FDIC proposes rule requiring firms to outline plans in case of failure

The Federal Deposit Insurance Corporation is proposing a rule that would require certain financial institutions provide a plan to unwind in case of failure. 

The firms would submit plans to the FDIC so the agency can assess risks to the deposit insurance fund in an effort to develop resolution strategies for "a period of severe financial distress," according to an FDIC release Wednesday.

The rule would further firm up a portion of the financial regulatory reform legislation under consideration in the Senate that aims to end the practice of taxpayer bailouts by closing loopholes used by the FDIC and Treasury Department to provide federal aid to failing financial firms.

Senate Republicans and Democrats reached an agreement last week on the bill's provisions aimed at smoothing the unwinding process of failing firms. 

The proposed rule would apply only to "covered insured depository institutions" with greater than $10 billion in total assets that are owned or controlled by parent companies with more than $100 billion in total assets.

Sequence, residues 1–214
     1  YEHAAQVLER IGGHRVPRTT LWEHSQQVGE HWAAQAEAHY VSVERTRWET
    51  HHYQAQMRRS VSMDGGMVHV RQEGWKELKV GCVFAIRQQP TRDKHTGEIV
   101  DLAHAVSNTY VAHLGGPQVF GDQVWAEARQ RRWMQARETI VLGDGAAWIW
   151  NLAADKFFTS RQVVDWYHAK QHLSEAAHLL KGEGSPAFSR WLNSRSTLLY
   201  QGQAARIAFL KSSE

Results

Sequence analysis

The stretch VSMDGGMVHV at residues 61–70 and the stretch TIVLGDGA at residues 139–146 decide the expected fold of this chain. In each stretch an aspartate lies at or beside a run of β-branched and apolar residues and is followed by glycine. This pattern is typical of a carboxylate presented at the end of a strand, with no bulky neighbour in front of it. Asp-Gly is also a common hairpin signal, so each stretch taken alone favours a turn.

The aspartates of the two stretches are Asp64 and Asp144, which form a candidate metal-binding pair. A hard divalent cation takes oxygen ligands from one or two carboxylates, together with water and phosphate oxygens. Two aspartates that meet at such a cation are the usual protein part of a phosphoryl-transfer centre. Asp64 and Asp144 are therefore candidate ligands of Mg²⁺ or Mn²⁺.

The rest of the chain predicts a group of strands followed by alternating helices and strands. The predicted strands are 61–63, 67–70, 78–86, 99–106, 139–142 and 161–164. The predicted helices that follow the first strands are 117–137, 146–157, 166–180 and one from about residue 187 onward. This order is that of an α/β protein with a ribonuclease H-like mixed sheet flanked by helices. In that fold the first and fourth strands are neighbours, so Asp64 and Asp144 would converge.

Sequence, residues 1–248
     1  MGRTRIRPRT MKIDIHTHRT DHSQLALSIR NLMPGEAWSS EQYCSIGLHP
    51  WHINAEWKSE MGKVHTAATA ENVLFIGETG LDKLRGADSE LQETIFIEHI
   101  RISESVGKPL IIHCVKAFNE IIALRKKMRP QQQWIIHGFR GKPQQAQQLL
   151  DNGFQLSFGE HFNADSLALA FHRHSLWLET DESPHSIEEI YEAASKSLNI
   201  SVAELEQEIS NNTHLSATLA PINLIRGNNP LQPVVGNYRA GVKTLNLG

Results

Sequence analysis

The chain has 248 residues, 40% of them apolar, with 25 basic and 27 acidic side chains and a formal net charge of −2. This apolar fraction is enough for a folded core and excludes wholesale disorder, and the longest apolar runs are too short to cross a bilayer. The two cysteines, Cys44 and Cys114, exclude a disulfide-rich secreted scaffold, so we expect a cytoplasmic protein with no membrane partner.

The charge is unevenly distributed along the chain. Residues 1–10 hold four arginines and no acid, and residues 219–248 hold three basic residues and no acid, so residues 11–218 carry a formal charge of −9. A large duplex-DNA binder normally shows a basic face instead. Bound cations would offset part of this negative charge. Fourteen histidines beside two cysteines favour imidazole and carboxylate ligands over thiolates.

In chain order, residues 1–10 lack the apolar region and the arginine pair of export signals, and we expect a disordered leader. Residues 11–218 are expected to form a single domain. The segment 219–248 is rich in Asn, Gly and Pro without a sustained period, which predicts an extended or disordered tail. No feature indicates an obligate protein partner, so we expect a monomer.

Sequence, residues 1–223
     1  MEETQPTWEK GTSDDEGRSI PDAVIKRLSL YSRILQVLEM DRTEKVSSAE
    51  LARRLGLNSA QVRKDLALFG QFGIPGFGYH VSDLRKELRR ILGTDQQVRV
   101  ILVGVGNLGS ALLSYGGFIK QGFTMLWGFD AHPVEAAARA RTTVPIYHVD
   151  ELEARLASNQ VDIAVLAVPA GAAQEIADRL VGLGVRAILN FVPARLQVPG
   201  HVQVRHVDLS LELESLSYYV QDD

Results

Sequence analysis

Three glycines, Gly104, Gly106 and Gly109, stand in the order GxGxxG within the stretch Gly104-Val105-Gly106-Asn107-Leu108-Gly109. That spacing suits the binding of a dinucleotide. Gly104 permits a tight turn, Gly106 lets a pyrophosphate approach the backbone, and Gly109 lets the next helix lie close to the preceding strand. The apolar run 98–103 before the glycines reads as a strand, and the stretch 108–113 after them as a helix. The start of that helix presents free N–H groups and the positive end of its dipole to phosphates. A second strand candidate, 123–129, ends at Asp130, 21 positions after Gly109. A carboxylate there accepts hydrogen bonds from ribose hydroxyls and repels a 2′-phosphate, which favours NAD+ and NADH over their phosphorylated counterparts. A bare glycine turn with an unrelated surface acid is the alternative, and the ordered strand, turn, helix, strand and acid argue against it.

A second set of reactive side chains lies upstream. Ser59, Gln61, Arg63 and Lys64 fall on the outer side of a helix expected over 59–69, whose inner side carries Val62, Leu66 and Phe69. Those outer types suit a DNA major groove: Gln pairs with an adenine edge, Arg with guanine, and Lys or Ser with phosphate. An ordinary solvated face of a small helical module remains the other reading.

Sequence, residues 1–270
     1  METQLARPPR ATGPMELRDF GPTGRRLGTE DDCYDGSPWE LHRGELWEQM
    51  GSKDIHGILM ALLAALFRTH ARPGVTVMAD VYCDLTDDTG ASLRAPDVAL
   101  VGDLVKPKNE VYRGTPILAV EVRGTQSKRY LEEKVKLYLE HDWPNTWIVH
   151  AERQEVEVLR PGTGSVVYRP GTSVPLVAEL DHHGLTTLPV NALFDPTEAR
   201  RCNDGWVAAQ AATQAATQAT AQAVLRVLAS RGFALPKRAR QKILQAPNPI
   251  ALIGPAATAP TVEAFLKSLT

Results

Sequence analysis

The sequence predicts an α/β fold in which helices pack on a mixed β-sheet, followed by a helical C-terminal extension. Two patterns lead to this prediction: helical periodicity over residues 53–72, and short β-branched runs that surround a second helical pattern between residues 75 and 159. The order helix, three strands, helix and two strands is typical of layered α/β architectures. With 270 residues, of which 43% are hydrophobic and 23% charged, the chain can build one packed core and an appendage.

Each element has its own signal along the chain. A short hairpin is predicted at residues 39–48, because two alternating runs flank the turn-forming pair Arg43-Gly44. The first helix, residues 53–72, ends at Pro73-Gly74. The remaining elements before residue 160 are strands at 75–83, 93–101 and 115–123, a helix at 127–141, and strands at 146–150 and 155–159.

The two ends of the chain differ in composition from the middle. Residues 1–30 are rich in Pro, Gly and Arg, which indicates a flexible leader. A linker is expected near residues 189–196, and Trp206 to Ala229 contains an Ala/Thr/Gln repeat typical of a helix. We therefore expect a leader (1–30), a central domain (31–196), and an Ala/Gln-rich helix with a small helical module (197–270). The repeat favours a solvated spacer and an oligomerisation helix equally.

The FDIC would require information about the operations, management, financial aspects and affiliate relationships of the eligible financial institutions. The firms would be required to submit a plan within six months of the rule's effective date on how it would separate from its parent company in the event of failure or bankruptcy.

The FDIC would then determine if the plan is workable and require an update at least once a year based on the risk profile and structure of the institution.